anon, "Westminster Hall Roof. An instructional model". RIBA Journal 31, Third series, 1924 July 12, pages 579-581.

In 1922, with the assistance of Sir Frank Baines, Herbert Cescinsky and Ernest R. Gribble calculate that the weight of the entire timber in the roof to be roughly 660 tons, an this enormous weight supported entirely from the wall-heads and from the walls by the wall-posts. It is impossible, however, to realize the enormous size of the timbers, even from an actual view, seen from below.

The Hall's uniqueness (for the era which it is built, the medieval period) is captured by the 19th-century French architect and historian of architecture, Eugène-Emmanuel Viollet-le-Duc (1814-1879). Using the roof of Westminster Hall as an illustration, he argues that this type of carpentry is “the pinnacle of English carpentry”.

An interesting description of the roof of the Hall and "the beauty of the execution of this unique work" comes from Viollet-le-Duc. For him, France has nothing of the same epoch comparable comme luxe de construction.

In the words of Herbert Cescinsky and Ernest R. Gribble – writing in 1922 as the Westminster Hall roof is under repair -- to ascend the scaffolding which has been erected, and to stand on one of the hammer beams, is to get a view as of a primeval forest. No drawing or photograph can give any conception, for example, of the size of the great curved rib to each principal, which, in the decayed state of the roof, has had to bear strains and stresses for which it was neither intended nor designed. As far as we know, with the exception of the roof of the Law Library at Exeter (and that is on a much smaller scale), this great curved rib intersecting with hammer-post and hammer-beam is peculiar to the Westminster Hall roof. The roof is the largest and possibly the oldest extant, and is certainly the greatest wonder of medieval carpentry in the world.

At the close of their chapter on the English timber roof, in reference to the Westminster Hall roof, they declare,

Here … we have the greatest triumph if medieval carpentry which England has ever possessed, a testimony alike to the fourteenth-century woodworker and the qualities of English oak.

On Conclusion, Some Notes

In 1624, the British architect Henry Wotton describes the three key design elements which any designer/craftsman must consider:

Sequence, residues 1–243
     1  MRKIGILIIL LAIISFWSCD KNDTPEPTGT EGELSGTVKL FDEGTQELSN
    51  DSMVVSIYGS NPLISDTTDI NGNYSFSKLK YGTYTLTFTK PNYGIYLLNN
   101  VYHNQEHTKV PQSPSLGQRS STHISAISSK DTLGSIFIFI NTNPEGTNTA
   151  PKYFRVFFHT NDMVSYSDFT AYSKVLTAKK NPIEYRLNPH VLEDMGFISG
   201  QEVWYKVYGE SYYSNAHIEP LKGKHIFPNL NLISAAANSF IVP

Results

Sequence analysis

In architecture as in all other operative arts, the end must direct the operation. The end is to build well. Well building has three conditions. Commoditie, Firmenes, and Delight.

Source: Henry Wotton. The Elements of Architecture Collected by Henry Wotton From the Best Authors and Examples. London, 1622. page 1. Reprinted Longmans and Green, London, 1903.

As he approaches the Westminster Hall project, for a craftsman such as Hugh Herland, what this means is that principles such as pragmatism and simplicity are his guiding principles. With this “seat-of-the-pants” approach, complicated procedures – including if you will incorporating of various mystical proportions or mathematical relationships – are evidently not needed.

But even while a craft is still a living tradition -from medieval times to the end of the 18th century – acquiring knowledge and skill of the working methods must have been difficult. Certainly, Herland's father was himself an accomplished craftsman/carpenter, thus a real propect exists that the junior Herland acquired skills and wisdom from the senior Herland. The 18th-century encyclopedist, Denis Diderot argues that

craftsmen ... live isolated, obscure, unknown lives; everything they do is done to serve their own interest; they almost never do anything just for the sake of the glory.

Source: Denis Diderot, Rameau's Nephew and Other Works; ed. by Jacques Barzun and Ralph Henry Bowen Indianapolis : Hackett Pub., 2001, page 304.

Rightly, we think, Diderot suggests that, for the most secretive trades, the shortest way of gaining the necessary information is to attach yourself to some master as an apprentice. Because the information about Herland's training seems to be lost in the far recesses of history, his working methods, his design principles and practices, are not part of our living traditions. In this crafts tradition, where skills are passed on from master to apprentice, we cannot expect to find more than a scant body of published source material of any specificity. Sadly, the medieval world lacks their Walter Roses and George Sturts.